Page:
Saturday, 21 February 2015

Simon Callow: In Praise Of Gay Sweatshop

When I was asked, by this to me at the time hilariously named Gay Sweatshop, to read for the part of Toby in Martin Sherman’s play Passing By, I was highly sceptical. I was out, all right, to every one in my circle, and joyously romping around in the gay pleasure gardens. I endorsed gay liberation with every fibre of my being, I believed that more and better sex was the solution to everything, but I could not see the point of this sort of ghetto theatre. What next, I thought. Plays by chartered accountants, about chartered accounts, for chartered accountants?

Then I read the play – a very simple, highly romantic piece about two sweet young men who have an affair – and I was stopped in my tracks. I realised I had never read another play in which two men have a romantic affair and never once mention being gay. I immediately said yes. But I had no inkling of what performing that play in front of a gay audience would be like. The sense of their truth being told, of them in their ordinary lives suddenly existing, was overwhelming. I don’t believe I’ve done anything more rewarding or more emotionally overpowering on any stage or in any medium...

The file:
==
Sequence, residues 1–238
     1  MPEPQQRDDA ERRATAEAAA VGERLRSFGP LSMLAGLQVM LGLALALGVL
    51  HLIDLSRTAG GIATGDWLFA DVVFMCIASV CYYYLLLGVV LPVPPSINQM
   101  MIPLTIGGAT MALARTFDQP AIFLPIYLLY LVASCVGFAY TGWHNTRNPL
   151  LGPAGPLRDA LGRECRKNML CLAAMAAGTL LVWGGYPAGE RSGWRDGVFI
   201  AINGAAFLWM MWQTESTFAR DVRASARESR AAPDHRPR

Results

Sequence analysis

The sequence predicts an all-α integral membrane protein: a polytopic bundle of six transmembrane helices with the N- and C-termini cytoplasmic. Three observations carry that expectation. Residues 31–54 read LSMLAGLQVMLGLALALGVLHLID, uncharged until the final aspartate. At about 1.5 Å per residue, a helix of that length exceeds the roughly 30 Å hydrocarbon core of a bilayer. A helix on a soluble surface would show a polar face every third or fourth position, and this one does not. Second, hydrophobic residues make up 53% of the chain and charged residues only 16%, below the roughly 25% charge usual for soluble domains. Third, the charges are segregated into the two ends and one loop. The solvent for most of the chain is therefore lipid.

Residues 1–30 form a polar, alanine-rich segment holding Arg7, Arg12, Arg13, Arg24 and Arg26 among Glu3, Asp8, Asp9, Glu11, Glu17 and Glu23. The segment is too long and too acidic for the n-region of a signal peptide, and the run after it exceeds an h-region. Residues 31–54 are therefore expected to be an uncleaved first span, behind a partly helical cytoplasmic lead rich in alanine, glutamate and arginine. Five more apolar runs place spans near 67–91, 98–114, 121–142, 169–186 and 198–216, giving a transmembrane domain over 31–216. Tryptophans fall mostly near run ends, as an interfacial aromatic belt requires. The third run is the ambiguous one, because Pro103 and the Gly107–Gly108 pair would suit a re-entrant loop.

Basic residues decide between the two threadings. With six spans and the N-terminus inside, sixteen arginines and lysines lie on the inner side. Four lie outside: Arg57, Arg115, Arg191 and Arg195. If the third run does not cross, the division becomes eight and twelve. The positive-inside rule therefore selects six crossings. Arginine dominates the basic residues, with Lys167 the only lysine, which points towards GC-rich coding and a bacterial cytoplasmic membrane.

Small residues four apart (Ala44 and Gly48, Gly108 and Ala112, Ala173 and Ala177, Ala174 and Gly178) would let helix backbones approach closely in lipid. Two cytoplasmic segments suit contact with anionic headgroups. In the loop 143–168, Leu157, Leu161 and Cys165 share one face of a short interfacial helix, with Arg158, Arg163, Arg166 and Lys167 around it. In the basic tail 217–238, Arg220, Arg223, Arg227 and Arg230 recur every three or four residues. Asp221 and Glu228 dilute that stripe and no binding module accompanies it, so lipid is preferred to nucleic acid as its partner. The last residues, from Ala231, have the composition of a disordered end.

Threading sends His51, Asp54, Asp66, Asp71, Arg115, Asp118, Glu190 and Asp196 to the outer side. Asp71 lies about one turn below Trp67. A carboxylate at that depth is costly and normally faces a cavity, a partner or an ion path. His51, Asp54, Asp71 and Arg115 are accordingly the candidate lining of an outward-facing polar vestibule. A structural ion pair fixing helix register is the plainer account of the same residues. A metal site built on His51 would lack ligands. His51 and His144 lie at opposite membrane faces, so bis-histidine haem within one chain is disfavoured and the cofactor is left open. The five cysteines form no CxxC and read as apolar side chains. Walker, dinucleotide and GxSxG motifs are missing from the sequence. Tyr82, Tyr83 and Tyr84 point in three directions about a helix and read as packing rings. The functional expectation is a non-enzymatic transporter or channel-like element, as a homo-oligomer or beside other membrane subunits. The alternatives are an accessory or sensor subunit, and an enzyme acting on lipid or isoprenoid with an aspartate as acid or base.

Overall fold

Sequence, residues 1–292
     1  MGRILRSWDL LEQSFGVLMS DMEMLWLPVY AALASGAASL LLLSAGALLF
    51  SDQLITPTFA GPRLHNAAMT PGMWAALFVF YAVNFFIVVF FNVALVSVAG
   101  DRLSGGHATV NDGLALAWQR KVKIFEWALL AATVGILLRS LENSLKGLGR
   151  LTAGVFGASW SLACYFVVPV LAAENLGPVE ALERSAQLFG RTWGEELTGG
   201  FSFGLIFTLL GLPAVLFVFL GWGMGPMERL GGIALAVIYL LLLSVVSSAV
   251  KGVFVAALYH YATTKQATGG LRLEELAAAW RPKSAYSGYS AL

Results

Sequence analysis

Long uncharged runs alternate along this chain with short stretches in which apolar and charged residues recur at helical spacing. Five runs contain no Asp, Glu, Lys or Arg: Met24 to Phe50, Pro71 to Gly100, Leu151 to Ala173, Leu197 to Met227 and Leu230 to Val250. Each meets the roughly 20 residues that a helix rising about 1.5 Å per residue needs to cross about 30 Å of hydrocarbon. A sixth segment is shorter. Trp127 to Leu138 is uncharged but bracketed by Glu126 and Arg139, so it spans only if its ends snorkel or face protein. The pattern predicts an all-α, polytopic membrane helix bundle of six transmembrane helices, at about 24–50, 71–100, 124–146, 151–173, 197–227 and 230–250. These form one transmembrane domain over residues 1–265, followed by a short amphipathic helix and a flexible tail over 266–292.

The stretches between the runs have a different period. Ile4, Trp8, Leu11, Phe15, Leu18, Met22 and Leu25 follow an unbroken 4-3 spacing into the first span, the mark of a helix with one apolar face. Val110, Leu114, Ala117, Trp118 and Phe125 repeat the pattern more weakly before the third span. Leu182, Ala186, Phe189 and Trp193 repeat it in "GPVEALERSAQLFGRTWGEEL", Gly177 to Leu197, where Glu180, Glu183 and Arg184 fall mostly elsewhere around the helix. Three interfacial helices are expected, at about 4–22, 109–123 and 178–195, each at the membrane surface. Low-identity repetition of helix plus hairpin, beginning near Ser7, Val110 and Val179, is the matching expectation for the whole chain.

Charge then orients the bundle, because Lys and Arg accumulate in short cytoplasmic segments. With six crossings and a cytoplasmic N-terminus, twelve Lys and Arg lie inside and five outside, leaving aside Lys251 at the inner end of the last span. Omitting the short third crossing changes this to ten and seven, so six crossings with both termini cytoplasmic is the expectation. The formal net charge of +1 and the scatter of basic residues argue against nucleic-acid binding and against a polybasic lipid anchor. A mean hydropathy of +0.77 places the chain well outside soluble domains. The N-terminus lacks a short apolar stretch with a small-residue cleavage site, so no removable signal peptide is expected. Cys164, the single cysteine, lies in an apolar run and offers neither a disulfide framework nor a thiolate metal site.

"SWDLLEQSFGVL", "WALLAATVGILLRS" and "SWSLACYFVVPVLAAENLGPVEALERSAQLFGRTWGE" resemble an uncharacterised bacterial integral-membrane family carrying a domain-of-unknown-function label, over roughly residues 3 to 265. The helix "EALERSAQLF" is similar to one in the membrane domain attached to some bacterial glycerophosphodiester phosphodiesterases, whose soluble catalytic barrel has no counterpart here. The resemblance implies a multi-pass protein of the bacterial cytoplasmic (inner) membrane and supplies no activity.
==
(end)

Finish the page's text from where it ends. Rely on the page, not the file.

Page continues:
Simon Callow writing in The Guardian

Founded in 1974, one of Gay Sweatshop's declared aims was; ‘To make heterosexuals aware of the oppression they exercise or tolerate, and expose and end media misrepresentations of homosexuals.’

There is a history here.

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